"The claimants will rely on the House of Lords decision in Connelly v RTZ Group (No. 2)  AC 854 as authority for the proposition that a claim may be brought in the UK where it is in the interests of justice to do so."
In response, DWF filed applications pursuant to CPR 11 disputing the court's jurisdiction and seeking to have the claim forms set aside. The application also sought a wasted costs order against the claimants' solicitors.
In the meantime, the court had listed the claimants' application for an extension of time for service of the claim forms for hearing on 12 July 2019. However, the claimant's solicitor unilaterally suggested to the court clerk that the hearing could be vacated, despite knowing that the four-month life of the claim forms had expired prior to purported service. The hearing remained in the list but the claimants' solicitor did not attend, and no subsequent attempts were made to revive or relist the applications.
On the issue of service, Master Cook:
- "formed the very clear view that the claim forms in each of these actions expired before their purported service. I have also come to the clear view that there is no extant application on foot to extend time for the service of those claim forms"; and
- found that "in complete disregard of the Civil Procedure Rules" the claimants' solicitor attempted to effect service on the London Parish which was not the defendant. In order to bring proceedings in this jurisdiction, the claimants should have sought the court's permission to serve outside the jurisdiction.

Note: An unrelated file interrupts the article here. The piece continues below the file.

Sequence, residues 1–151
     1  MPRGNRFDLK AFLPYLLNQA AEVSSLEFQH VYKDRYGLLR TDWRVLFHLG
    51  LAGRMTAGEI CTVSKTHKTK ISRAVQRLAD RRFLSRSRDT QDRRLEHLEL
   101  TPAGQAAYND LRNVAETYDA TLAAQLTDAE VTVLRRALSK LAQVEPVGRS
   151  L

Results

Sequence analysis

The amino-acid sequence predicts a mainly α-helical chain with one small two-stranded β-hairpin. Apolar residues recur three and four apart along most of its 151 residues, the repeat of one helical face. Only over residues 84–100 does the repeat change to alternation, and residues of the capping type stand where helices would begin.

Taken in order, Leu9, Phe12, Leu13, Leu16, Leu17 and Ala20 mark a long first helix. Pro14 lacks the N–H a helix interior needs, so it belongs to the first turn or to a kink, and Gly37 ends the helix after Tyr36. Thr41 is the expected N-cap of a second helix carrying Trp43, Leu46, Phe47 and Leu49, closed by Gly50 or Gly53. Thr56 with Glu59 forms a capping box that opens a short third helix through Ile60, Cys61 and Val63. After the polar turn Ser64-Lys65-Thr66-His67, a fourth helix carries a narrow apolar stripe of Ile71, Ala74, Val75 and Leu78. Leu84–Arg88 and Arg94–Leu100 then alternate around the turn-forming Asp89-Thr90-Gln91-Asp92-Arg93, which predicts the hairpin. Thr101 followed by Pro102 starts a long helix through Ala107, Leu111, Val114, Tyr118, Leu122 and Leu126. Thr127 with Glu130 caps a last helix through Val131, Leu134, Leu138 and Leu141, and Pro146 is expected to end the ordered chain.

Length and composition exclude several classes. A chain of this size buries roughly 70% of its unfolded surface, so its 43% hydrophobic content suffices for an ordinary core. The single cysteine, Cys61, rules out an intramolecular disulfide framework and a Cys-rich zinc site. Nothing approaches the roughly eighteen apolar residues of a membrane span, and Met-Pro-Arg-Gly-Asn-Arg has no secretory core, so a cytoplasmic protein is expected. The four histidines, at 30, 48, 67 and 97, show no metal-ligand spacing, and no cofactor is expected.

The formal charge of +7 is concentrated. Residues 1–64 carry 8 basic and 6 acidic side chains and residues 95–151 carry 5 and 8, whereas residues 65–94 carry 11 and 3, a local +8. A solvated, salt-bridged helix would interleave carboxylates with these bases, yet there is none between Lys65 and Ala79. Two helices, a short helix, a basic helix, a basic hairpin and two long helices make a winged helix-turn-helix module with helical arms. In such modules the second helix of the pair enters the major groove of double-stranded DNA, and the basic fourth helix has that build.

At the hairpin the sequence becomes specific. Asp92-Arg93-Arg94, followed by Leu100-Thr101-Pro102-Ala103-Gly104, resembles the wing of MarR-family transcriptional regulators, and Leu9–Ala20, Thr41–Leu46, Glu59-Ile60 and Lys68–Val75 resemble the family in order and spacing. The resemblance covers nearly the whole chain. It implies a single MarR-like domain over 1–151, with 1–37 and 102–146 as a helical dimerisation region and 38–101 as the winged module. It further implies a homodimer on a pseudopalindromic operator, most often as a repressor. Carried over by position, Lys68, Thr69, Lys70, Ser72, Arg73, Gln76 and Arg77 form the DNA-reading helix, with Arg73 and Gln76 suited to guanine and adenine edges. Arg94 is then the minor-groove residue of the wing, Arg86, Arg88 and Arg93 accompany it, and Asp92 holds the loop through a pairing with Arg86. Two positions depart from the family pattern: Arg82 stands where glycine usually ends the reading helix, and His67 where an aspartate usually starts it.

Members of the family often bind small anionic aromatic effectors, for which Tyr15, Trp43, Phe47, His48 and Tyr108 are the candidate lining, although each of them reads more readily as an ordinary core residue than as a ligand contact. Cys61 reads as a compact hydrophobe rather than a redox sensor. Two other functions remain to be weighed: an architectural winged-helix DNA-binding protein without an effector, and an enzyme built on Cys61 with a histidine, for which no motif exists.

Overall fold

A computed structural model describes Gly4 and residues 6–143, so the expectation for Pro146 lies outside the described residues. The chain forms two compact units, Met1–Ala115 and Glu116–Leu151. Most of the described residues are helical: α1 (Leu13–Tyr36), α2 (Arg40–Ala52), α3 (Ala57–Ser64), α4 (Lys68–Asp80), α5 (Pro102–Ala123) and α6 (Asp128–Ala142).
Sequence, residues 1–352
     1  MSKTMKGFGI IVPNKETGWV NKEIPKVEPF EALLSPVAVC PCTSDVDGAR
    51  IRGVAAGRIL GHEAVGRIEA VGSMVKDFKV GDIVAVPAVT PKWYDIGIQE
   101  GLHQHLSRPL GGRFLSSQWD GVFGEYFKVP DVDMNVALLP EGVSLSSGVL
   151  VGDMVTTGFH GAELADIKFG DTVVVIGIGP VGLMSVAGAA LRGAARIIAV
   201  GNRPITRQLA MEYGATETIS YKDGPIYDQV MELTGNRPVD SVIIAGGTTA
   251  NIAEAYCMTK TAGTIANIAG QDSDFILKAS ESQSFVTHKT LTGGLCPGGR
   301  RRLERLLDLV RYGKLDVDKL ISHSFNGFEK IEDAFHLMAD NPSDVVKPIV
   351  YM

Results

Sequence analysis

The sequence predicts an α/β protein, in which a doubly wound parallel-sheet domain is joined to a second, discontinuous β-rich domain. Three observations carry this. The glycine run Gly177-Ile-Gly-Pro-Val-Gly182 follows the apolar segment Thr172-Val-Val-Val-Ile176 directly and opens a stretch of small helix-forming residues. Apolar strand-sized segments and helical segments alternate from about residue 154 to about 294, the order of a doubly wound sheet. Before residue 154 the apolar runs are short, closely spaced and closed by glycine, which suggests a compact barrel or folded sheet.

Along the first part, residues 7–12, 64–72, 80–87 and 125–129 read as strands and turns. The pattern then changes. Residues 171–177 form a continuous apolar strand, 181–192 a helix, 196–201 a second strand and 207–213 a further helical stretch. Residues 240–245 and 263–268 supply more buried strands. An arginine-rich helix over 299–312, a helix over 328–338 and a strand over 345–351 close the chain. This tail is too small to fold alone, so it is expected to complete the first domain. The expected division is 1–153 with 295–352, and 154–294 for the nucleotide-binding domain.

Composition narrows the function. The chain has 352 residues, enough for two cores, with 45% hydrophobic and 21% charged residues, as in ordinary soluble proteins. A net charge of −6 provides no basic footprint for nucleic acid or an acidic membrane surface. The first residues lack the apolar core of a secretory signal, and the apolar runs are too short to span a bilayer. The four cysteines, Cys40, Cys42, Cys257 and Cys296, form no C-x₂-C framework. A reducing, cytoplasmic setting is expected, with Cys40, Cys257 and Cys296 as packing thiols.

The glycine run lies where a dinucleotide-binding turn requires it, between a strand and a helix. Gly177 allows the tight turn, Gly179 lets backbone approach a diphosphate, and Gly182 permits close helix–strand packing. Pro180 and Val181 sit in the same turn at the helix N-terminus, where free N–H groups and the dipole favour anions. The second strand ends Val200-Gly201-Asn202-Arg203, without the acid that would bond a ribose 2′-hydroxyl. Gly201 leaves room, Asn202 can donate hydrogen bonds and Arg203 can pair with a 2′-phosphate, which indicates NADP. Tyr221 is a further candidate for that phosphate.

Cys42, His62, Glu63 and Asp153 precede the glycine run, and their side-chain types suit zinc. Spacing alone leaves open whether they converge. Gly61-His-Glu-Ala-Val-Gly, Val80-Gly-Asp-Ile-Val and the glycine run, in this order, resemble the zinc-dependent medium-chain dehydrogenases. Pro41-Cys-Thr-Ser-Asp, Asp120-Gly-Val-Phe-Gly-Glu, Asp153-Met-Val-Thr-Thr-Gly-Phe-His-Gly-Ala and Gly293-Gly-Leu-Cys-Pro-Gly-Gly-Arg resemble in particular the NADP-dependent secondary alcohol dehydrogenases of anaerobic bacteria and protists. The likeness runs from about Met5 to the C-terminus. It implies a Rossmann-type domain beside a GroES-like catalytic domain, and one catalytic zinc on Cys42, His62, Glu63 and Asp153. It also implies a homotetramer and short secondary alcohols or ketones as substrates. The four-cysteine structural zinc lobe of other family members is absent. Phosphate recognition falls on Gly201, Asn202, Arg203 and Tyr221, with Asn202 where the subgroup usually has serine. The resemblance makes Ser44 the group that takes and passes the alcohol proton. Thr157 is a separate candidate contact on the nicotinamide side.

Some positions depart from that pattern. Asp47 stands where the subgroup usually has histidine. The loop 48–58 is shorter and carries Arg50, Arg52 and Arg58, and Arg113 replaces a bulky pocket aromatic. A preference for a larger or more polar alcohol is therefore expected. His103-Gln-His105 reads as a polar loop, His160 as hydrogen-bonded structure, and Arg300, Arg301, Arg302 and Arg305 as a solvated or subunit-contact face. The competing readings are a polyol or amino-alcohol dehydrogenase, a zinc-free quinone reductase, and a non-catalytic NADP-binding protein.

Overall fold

With respect to the claimants' solicitor's email exchanges regarding the listing of the applications for an extension of time for service of the claim forms, Master Cook remarked:
"I find the contents of this correspondence incredible. No competent solicitor, it seems to me, could have come to the conclusion that the application would not be required… The position, it seems to me, is totally clear and should be well understood; those who attempt to achieve service at or near the end of the life of the claim form do so at their own peril. Here, the claimants' solicitor appears to have had no proper understanding of Rule 7.5, or indeed any of the difficulty presented by Rule 7.6.3."
Master Cook therefore made a declaration that the purported service of the claim forms within the jurisdiction was invalid.
Following articles in the foreign press and correspondence which suggested that further claims were likely to be brought Master Cook also went on to deal with the issue of jurisdiction.
Master Cook rejected the claimants' submission that a doctrine of "forum of necessity" exists in English law stating: "That is not the case and it is simply wrong to assert that any such jurisdiction exists." He also found that the claimant's reliance on Connelly v RTZ Corp was "wholly misplaced" noting that in Connelly the defendants were companies based in the jurisdiction of England and Wales, which was not the case here.
Therefore, Master Cook came to the "very clear conclusion" that the courts of England and Wales should not exercise jurisdiction to hear the claims. He made a declaration that the court had no jurisdiction to try the claims and ordered the claim forms to be set aside.
In view of his findings that there had been a "wholesale failure by the claimants' solicitors to comply with the provisions of the Civil Procedure Rules", including failure to engage with the issues raised by DWF during pre-action correspondence and "complete misunderstanding" of the CPR provisions on service, Master Cook ordered that the defendant should be awarded its costs on the indemnity basis.